We are now accepting books on exchange and credits to shop cards.
We are not buying stock for cash yet. We are operating under Level 2 restrictions.
Please note that we will require you
* to wear a mask at all times whilst instore
* sign in and sanitise your hands at entry
* maintain a 2m distance between you and other browsing customers
We are here to help you if you need assistance and are happy to organise a delivery for those who are still staying safe at home. Web orders will be processed and delivered via courier and NZ Post.
Store pick ups can be ordered online or organised by phone and email. We will send you an email when your pick up is ready to be collected.
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Our next book club meeting is on Monday 13 December at 6pm. Check out Facebook or email us to find out more.
From the author of the New York Times bestseller All the Bright Places comes a heart-wrenching story about what it means to see someone—and love someone—for who they truly are.
Everyone thinks they know Libby Strout, the girl once dubbed Americas Fattest Teen. But no ones taken the time to look past her weight to get to know who she really is. Following her moms death, shes been picking up the pieces in the privacy of her home, dealing with her heartbroken father and her own grief.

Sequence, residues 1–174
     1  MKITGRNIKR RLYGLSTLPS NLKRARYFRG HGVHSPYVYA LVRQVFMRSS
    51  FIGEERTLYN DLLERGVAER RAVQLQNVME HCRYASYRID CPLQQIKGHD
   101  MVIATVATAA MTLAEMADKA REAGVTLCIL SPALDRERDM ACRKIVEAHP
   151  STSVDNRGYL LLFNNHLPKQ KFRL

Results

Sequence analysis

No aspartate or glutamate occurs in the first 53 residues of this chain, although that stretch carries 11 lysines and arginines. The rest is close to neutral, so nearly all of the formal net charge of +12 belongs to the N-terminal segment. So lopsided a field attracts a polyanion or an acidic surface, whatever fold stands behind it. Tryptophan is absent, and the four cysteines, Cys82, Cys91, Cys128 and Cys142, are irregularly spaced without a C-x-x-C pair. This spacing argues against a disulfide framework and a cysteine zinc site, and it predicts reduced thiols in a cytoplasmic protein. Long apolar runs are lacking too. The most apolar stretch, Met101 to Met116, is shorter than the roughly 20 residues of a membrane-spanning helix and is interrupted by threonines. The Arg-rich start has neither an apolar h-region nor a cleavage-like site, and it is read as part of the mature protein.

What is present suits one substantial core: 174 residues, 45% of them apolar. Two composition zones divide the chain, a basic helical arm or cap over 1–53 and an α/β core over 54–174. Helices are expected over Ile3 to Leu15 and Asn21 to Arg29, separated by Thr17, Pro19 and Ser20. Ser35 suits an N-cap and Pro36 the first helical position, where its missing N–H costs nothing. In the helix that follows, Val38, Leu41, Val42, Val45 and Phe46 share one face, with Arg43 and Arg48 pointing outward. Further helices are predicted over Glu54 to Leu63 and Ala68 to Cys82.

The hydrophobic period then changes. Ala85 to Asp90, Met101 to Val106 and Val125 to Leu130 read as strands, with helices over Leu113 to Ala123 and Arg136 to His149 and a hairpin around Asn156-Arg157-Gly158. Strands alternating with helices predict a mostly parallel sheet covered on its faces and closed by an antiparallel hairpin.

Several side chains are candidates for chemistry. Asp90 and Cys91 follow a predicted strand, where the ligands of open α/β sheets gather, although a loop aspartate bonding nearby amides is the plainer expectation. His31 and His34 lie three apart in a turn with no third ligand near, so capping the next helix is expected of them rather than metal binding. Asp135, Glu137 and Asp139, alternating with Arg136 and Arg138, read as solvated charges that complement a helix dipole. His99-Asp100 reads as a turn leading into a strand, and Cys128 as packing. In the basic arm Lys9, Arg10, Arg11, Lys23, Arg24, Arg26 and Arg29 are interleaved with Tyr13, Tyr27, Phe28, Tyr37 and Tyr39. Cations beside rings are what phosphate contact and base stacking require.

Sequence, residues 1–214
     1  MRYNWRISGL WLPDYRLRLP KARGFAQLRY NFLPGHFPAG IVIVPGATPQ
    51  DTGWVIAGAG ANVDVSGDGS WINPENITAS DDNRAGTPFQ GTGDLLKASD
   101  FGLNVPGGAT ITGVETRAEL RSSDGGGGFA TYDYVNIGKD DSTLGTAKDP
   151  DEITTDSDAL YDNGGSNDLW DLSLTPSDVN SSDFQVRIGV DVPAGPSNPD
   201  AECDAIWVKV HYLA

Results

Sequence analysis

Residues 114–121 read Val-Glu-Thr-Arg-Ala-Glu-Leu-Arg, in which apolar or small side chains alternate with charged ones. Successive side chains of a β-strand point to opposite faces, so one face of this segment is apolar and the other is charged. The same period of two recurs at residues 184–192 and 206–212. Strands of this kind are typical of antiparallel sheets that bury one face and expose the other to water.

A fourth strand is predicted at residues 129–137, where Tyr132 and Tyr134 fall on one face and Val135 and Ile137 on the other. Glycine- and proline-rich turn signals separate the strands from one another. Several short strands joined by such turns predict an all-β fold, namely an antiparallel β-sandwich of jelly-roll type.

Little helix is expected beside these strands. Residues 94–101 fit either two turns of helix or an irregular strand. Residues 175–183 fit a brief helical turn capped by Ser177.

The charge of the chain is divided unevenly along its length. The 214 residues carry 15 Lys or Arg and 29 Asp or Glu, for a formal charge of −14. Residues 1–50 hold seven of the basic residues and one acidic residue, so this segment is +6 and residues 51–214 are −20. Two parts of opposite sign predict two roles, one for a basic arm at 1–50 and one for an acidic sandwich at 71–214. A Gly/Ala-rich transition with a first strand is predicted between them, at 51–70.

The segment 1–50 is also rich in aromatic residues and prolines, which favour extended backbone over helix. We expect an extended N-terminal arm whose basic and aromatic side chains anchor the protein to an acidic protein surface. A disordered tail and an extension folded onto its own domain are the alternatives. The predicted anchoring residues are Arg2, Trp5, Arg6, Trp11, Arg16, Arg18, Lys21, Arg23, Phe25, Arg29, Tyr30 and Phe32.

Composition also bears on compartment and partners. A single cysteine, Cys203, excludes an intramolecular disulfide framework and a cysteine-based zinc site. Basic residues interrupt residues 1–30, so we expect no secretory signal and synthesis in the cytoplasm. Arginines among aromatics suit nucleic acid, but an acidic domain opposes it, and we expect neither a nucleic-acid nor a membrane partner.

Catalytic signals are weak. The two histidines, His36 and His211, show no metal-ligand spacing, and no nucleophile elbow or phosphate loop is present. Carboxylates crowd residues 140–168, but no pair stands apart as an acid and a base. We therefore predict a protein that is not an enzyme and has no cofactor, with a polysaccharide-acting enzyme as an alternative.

Now, Libbys ready: for high school, for new friends, for love, and for EVERY POSSIBILITY LIFE HAS TO OFFER. In that moment, I know the part I want to play here at MVB High. I want to be the girl who can do anything.
Everyone thinks they know Jack Masselin, too. Yes, hes got swagger, but hes also mastered the impossible art of giving people what they want, of fitting in. What no one knows is that Jack has a newly acquired secret: he cant recognise faces.
Even his own brothers are strangers to him. Hes the guy who can re-engineer and rebuild anything in new and bad-ass ways, but he cant understand whats going on with the inner workings of his brain. So he tells himself to play it cool: Be charming. Be hilarious. Dont get too close to anyone.
Until he meets Libby. When the two get tangled up in a cruel high school game—which lands them in group counselling and community service—Libby and Jack are both pissed, and then surprised. Because the more time they spend together, the less alone they feel. . . . Because sometimes when you meet someone, it changes the world, theirs and yours.